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Abstract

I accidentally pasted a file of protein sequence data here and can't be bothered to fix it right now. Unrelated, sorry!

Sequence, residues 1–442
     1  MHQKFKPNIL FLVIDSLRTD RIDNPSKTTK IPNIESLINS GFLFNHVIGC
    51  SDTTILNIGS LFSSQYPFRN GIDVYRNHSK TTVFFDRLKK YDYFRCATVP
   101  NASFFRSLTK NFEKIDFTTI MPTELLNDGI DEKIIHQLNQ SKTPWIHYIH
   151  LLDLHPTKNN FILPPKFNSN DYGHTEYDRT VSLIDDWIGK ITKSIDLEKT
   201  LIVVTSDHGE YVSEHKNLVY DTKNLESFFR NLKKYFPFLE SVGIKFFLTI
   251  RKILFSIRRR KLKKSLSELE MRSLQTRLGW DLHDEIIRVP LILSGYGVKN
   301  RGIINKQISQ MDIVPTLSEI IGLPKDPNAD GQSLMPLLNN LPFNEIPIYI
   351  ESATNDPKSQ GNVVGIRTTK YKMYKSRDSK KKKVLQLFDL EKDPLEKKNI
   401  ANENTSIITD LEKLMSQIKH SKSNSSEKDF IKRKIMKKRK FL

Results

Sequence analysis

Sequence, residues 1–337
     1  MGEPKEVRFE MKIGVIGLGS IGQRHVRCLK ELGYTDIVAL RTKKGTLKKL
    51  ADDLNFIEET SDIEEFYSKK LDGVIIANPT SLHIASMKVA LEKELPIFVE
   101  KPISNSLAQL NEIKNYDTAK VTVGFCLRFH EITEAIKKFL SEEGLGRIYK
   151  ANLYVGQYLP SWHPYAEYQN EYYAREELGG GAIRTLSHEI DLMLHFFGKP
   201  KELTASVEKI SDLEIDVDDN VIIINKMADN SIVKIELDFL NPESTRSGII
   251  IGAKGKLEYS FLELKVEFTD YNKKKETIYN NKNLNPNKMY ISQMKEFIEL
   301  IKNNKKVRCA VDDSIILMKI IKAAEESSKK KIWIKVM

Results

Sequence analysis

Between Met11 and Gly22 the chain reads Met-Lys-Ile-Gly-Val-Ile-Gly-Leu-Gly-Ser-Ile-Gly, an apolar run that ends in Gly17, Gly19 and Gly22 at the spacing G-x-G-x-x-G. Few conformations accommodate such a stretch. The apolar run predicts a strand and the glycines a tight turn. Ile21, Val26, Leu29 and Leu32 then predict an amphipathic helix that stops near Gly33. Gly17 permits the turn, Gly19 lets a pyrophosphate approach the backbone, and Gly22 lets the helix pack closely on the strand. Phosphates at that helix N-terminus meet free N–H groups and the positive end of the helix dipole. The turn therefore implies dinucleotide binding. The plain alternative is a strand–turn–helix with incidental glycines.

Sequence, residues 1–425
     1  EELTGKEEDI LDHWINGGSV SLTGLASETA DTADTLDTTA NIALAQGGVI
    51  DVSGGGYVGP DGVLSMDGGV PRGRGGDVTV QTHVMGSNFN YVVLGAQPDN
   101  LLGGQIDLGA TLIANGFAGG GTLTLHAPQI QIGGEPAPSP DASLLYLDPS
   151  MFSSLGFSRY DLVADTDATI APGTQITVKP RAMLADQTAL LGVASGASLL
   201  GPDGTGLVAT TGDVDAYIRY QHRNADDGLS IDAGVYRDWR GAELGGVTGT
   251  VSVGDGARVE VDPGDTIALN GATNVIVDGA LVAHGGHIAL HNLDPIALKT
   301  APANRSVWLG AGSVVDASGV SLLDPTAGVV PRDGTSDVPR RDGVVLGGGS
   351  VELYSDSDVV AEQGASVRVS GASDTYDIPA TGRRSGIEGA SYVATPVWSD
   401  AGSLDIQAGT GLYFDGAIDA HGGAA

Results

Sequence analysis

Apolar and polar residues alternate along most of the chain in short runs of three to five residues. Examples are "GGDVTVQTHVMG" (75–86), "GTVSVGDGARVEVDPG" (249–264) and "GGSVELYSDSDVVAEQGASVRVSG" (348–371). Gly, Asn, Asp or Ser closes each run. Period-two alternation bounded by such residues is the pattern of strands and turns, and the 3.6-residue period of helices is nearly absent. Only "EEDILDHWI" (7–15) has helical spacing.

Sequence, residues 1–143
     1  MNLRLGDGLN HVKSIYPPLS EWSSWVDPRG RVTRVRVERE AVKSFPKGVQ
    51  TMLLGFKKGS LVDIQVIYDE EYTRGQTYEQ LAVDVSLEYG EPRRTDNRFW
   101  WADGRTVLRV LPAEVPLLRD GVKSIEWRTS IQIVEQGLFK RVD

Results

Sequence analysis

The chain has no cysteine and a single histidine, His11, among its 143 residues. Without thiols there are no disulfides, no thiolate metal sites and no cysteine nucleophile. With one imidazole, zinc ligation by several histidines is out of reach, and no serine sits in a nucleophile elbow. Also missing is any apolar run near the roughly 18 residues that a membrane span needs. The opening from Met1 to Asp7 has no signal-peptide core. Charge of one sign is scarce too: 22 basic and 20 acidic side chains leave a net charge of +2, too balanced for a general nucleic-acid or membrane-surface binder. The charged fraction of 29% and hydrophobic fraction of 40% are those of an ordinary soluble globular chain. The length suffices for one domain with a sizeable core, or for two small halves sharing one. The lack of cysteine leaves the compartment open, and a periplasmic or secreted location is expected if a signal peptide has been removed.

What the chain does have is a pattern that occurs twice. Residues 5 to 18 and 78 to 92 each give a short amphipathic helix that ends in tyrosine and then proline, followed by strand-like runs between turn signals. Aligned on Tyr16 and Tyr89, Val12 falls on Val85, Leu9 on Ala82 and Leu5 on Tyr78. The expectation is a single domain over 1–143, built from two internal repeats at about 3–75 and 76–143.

Two anecdotal and two data-summary communications were prepared to test the effect of the communications on preservice teachers' attitudes toward supplementing traditional, textbook-based science programs with either SAPA or SCIS. The results of the investigation in which the communications were used indicate that communications of an anecdotal nature were more effective than data-summary communications in changing the attitudes of preservice elementary teachers. Also, attitudes changed by anecdotal communications were found to be less susceptible to dissipation than those changed by data-summary communications.